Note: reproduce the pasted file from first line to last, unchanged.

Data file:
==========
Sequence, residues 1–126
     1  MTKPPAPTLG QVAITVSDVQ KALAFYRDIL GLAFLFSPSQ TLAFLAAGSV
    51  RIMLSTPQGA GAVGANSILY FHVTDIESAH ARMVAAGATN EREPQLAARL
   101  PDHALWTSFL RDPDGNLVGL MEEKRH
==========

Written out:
Sequence, residues 1–126
     1  MTKPPAPTLG QVAITVSDVQ KALAFYRDIL GLAFLFSPSQ TLAFLAAGSV
    51  RIMLSTPQGA GAVGANSILY FHVTDIESAH ARMVAAGATN EREPQLAARL
   101  PDHALWTSFL RDPDGNLVGL MEEKRH